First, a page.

Daily Links, April 10: Santorum nostalgia kicks in, abuse claims pile up, and pope tires out
The big news today is of course that Rick Santorum has officially suspended his presidential campaign, all but giving the Republican nomination to Mitt Romney. It took, well, minutes really before stories started popping up that reflected on Santorum's run for president, detailing how he became a champion of conservative values and left a legacy when it comes to putting issues of sexuality and reproduction at the center of American politics. Even before Santorum's official exit, David Gibson was asking if the voters who supported him will eventually back Romney in the general election.
Also before Santorum was officially out of the race, Cardinal Timothy Dolan conveniently reminded Catholics that they can still vote for Mitt Romney, and that Romney being a Mormon shouldn't discourage them from voting for him. Not that Dolan is making an endorsement, of course.
For those who think the sex abuse crisis is so 10 years ago, the AP reports today that Catholic dioceses received nearly 600 credible abuse allegations in 2011 and paid out $144 million in settlements. Most of the cases of abuse took place decades ago but are only now being reported.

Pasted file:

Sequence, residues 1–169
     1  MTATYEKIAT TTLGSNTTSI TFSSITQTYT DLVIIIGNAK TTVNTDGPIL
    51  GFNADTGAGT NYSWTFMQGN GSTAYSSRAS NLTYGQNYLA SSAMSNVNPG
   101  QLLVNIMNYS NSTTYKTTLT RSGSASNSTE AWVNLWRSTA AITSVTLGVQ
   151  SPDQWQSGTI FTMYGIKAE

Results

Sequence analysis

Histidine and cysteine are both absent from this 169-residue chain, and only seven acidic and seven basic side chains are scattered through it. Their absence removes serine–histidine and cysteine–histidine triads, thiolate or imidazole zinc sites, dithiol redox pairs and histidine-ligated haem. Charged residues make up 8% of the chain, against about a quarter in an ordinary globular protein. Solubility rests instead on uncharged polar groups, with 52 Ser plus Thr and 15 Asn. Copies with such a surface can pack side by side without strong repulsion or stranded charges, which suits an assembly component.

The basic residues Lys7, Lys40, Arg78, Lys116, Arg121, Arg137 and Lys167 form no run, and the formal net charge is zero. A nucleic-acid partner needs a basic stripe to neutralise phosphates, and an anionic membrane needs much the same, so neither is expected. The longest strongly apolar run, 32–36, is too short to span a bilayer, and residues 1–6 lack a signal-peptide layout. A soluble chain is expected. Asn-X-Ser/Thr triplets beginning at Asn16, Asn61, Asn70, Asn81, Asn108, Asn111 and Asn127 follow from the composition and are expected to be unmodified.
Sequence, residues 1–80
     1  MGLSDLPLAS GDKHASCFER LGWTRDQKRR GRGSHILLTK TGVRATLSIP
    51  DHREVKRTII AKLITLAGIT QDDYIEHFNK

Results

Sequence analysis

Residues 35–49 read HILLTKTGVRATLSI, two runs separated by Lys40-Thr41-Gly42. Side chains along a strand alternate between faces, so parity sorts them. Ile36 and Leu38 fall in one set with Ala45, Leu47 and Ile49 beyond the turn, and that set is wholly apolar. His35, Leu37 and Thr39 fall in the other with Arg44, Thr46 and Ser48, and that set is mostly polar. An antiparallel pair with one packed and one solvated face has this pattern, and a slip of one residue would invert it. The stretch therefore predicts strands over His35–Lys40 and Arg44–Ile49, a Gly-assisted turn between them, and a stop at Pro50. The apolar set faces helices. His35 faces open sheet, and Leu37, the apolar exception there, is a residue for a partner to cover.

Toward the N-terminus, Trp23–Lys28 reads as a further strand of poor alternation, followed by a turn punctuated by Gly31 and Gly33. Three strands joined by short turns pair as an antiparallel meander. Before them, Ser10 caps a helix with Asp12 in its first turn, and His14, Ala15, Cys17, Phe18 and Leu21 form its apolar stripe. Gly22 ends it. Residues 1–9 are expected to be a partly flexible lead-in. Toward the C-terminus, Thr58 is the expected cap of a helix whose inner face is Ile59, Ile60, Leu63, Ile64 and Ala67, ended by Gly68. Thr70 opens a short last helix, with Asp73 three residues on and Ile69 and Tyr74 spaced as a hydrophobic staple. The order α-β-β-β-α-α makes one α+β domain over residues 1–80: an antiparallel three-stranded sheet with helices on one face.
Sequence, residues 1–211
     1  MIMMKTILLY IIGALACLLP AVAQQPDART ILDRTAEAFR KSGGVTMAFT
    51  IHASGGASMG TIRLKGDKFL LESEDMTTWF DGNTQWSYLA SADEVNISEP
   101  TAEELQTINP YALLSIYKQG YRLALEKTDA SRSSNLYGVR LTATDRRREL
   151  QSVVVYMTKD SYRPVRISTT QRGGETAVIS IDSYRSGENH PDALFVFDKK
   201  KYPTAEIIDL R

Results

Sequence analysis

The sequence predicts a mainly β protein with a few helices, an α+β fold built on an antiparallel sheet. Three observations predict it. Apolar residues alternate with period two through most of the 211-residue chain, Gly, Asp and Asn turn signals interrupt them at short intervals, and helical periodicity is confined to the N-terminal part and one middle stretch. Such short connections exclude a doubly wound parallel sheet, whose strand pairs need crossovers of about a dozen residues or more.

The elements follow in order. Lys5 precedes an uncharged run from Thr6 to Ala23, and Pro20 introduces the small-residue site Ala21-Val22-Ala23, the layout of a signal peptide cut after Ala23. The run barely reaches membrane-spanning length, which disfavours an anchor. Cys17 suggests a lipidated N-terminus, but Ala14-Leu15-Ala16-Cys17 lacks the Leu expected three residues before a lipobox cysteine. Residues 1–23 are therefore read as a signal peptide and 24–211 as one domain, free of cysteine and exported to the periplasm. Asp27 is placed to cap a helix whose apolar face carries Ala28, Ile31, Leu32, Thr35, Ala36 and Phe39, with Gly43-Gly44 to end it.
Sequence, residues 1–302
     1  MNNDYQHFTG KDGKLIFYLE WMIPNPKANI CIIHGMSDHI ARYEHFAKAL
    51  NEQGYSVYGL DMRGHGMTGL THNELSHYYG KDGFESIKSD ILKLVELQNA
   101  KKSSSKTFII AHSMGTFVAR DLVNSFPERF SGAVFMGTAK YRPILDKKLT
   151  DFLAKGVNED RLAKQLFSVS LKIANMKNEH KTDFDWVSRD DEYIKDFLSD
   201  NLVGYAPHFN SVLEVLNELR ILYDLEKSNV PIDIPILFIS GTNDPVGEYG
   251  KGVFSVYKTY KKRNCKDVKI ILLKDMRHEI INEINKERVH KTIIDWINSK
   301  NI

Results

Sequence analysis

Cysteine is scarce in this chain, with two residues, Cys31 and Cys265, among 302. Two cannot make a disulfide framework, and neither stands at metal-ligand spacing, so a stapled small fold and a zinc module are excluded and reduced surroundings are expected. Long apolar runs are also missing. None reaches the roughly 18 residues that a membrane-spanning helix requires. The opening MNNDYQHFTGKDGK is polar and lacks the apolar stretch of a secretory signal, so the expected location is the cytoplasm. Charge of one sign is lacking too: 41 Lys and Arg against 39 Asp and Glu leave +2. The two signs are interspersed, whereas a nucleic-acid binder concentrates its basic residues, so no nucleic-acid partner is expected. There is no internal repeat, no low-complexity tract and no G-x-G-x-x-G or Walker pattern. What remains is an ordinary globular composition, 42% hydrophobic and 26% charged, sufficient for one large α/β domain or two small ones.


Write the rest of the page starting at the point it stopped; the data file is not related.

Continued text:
The witch hunt for anyone receiving Catholic funding who may have the least bit of a connection to someone who disagrees with church teaching continues. Bryan Cones responds to the latest attack on a CCHD grant recipient.
Speaking of witch hunts, 'tis the season for attacks on Catholic colleges and universities over their choice of commencement speakers. The latest "scandal" takes place at the Jesuit Gonzaga University, where Archbishop Desmond Tutu will speak May 13. Though Gonzaga calls Tutu "an inspirational voice for justice, peace, truth and reconciliation," others are calling him a "pro-abortion rights" advocate and circulating a petition asking the university to withdraw its invitation.
Elsewhere in the church, it has been a busy few weeks for Pope Benedict XVI, who finished trips to Mexico and Cuba before returning home to celebrate Easter. And now the pope is tired, reports The Telegraph, adding that he is likely to cut down on foreign trips as he prepares to turn 85 next week. In other words, it's about time those retirement rumors pick up yet again.